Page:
Sen. Collins most concerned about SCOTUS nominee’s views on separation of powers

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( – Judge Merrick Garland, nominated by President Obama to succeed conservative Supreme Court Justice Antonin Scalia, is “clearly an accomplished juror” and “highly intelligent,” Sen. Susan Collins (R-Maine) told MSNBC on Wednesday, one day after meeting with Garland.

“I found that he had thought very deeply about the issues facing the court, and we had a very good discussion for more than an hour. I can’t say, for certain, that I would vote for him. That’s why we need hearings,” Collins said.

“He’s had 19 years on the D.C. circuit court. And during that time, he has authored some controversial decisions that we discussed yesterday. But the issue that is most important to me are his views on the separation of powers.

“I think that in both President Bush’s administration, and especially in President Obama’s administration, that that has gotten out of whack and that President Obama has used executive orders to circumvent Congress far too often. So if I had to pick one issue that I think really needs to be explored further, that would be it.”

Collins noted that just two weeks ago, only two Republicans expressed a willingness to meet with Judge Garland. “And now there’s something like 14 Republican senators who are willing to sit down with him. I view that as an evolution. That is a good sign. And to me, that is what would customarily be done. And I’m glad that that many of my colleagues willing to sit down with him.”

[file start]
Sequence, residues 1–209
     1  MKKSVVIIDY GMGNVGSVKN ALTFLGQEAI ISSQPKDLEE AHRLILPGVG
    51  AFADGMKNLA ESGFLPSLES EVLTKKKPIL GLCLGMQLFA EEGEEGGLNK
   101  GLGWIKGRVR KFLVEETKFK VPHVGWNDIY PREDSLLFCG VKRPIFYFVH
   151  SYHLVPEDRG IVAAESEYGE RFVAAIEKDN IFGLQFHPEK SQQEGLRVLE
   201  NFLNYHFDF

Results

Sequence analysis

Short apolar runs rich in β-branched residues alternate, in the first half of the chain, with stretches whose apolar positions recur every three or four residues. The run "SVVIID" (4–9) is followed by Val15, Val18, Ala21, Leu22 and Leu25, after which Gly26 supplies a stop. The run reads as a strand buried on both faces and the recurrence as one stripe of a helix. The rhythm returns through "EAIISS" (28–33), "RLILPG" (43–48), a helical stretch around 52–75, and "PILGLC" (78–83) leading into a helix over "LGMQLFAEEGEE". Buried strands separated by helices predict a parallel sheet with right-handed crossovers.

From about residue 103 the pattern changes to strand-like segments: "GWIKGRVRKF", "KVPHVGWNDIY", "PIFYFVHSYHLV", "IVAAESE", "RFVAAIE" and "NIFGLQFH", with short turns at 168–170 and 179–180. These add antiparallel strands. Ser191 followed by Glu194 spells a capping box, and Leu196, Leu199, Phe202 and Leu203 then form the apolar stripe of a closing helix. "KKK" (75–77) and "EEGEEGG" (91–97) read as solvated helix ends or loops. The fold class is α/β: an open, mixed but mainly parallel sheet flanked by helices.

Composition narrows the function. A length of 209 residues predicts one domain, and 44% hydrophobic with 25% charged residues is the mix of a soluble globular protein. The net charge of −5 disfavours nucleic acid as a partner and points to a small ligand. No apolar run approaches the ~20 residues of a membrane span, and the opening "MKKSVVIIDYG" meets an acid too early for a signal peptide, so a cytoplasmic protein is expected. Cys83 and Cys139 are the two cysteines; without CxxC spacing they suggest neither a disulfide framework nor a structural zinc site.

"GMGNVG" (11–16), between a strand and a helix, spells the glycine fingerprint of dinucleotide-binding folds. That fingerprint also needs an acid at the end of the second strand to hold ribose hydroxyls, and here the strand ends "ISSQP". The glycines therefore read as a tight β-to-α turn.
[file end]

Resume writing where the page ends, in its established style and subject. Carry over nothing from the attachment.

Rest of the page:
Even if more Republicans do meet with Garland, Collins said she doesn’t think there will be hearings right away.

“I’m hoping that as more of my colleagues sit down wit Judge Garland, that they will conclude, as I’ve concluded, that he deserves a hearing. But it’s very difficult to predict. I know that feelings run very strong on the other side, and they’re sincere as well.”

Collins said she hasn’t given a lot of thought to a possible lame duck confirmation hearing. “But what I have thought a lot about is the irony that if a Democratic were elected president, I think the chances are that he or she would choose a nominee that would be to the left of Judge Garland. And that would certainly be ironic, if that ends up happening. That might be the case that would lead to the lame duck scenario.

“It is my understanding, however, that the Republican leader has ruled that option out. So I don’t know how likely that is.”

Senate Majority Leader Mitch McConnell (R-Ky.) says the next president should choose a Supreme Court nominee.

According to the White House, Garland will meet next week with additional Republican senators, including Kelly Ayotte of New Hampshire, Rob Portman of Ohio, Lisa Murkowski of Alaska, Jeff Flake of Arizona, and Chuck Grassley of Iowa, who chairs the Judiciary Committee.

“So yes, there is continued progress that we are seeing,” White House spokesman Josh Earnest said on Thursday. He said the process is moving “slowly but surely.”

President Obama on Thursday planned to press his case for Garland’s confirmation hearing in a speech at the University of Chicago Law School, where he once taught constitutional law.

— Written by Susan Jones